On Monday evening, Twitter user @AllisaNova_ called for a “virtual demonstration” and asked black students to share their experiences of discrimination, prejudice, microagressions and racism at MU. “All Tigers welcome — current and Alum,” MU undergraduate AJ Foster tweeted.
Since then, thousands have used the hashtag #BlackAtMizzou; so many that it began trending nationally. Although each tweet is one person’s story, themes have emerged, notably lack of diversity among MU students and faculty, accounts of subtle and direct racism and feeling unsafe on campus.
At a house party. Wrote my name on a beer pong table everyone signed. Later, Someone wrote the n word right above my name. Worst I’ve ever felt. Most alone in a crowded house I’ve ever felt. #BlackAtMizzou— Eichel G. Davis (@EichelGDavis) June 2, 2020
Telling my white professor, as the only Black person in this class, there are inclusion & diversity issues in this course and in the J-school, and her responding with, “That’s no problem. I had one Black kid in my class last year and he did fine.” #BlackAtMizzou— Caleb Sewell (@1calebsewell) June 2, 2020
MU police stopping me and my friend one night while walking to my dorm because she thought we were “transporting alcohol” in my friends clear water bottle... while there was a frat party playing beer pong outside down the street. #BlackAtMizzou— KB ★彡 (@twotonekb) June 2, 2020
The most liked tweet, with more than 2,300 likes as of Wednesday afternoon, is from @JJNotJayJay and recalls the protests of fall 2015, “when there was a shooting threat made targeting black students on campus and my professor thought an exam was more important than my safety.”
It shows a pair of messages in which the student says he fears for his safety coming to campus on a day when an exam is scheduled and asks to take it at a different time. The teacher responds by saying that the exam will go on as planned and that “if you give into bullies, they win.”
🚨 Throwback to Fall 2015 when there was a shooting threat made targeting Black Students on Campus and my Professor thought an exam was more important than my safety. #BlackAtMizzou M-I-Z 🐯 @Mizzou pic.twitter.com/CdZXfzhI3Q— JJ (@JJNotJayJay) June 1, 2020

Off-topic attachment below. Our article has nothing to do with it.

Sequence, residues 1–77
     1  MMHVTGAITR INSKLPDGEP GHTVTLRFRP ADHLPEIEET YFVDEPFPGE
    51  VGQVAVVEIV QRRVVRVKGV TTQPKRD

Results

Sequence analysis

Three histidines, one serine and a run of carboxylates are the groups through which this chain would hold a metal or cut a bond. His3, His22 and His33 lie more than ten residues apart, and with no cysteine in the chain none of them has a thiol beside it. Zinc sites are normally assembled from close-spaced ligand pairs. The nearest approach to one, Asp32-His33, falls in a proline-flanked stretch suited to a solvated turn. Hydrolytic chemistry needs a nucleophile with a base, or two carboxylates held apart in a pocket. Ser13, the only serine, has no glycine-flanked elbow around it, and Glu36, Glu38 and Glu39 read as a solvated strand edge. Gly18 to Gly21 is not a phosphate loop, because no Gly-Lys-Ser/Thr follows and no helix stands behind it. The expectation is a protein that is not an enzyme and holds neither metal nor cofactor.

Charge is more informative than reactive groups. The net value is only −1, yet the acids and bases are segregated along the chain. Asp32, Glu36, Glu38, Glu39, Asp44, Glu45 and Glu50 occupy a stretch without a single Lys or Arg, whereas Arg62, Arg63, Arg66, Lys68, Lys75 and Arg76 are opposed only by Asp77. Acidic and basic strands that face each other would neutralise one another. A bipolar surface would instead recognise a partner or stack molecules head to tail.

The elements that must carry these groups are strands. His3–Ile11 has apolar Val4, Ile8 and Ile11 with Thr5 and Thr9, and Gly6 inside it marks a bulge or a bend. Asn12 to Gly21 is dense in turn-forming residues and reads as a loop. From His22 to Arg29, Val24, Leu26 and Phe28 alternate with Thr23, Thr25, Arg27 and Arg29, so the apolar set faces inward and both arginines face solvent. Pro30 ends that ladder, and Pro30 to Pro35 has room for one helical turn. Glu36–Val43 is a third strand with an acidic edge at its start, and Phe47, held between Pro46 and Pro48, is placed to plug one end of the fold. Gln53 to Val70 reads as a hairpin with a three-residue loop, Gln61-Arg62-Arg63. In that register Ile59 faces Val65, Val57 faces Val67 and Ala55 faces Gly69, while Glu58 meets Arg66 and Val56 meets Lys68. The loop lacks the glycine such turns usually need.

Many shared stories of being the only black person in the classroom, resulting in them feeling they were always called on to discuss racism and diversity.
Other students said their white teachers had ignored racist comments and incorrectly described the black experience.
Black women shared instances of white women asking to touch their hair. Some said they were told they were “pretty for a black girl” and one of the “less intimidating black faces.”
having random white people attempt to touch my hair in the elevator of my dorm then tell me that i’m pretty for a black girl #BlackAtMizzou— lou :)) (@loourdessa) June 2, 2020
Being told I’m one of the “less intimidating Black faces” by a white MU Dean when discussing my college experience and interactions with white MU students.#BlackAtMizzou— Kelsie W (@kwilks_j) June 2, 2020
Many tweets implied or directly said white people should not say “the n word,” no matter the circumstance, including in jokes or songs.
Users who brought up concerns about attending MU this fall were met with encouragement to come and be part of the change.
A few faculty members used the hashtag to show their support for the demonstration, urge others to read #BlackAtMizzou and call for MU to do better.
In response to the virtual demonstration, Bill Stackman, MU’s vice provost for student affairs, tweeted he was reading every tweet with the hashtag.
“Other campus leaders and I are listening to and learning from these students’ experiences,” he said. “We want to help the healing process and make a better future for our Tigers. #BlackLivesMatter.”
I’m reading each #BlackatMizzou tweet. I encourage you do so as well. Other campus leaders and I are listening to and learning from these students’ experiences. We want to help the healing process and make a better future for our Tigers. #BlackLivesMatter— Bill Stackman (@StackmanBill) June 3, 2020
On Thursday evening, UM System President and MU interim Chancellor Mun Choi sent an email to students, faculty, staff and alumni in response to the tweets.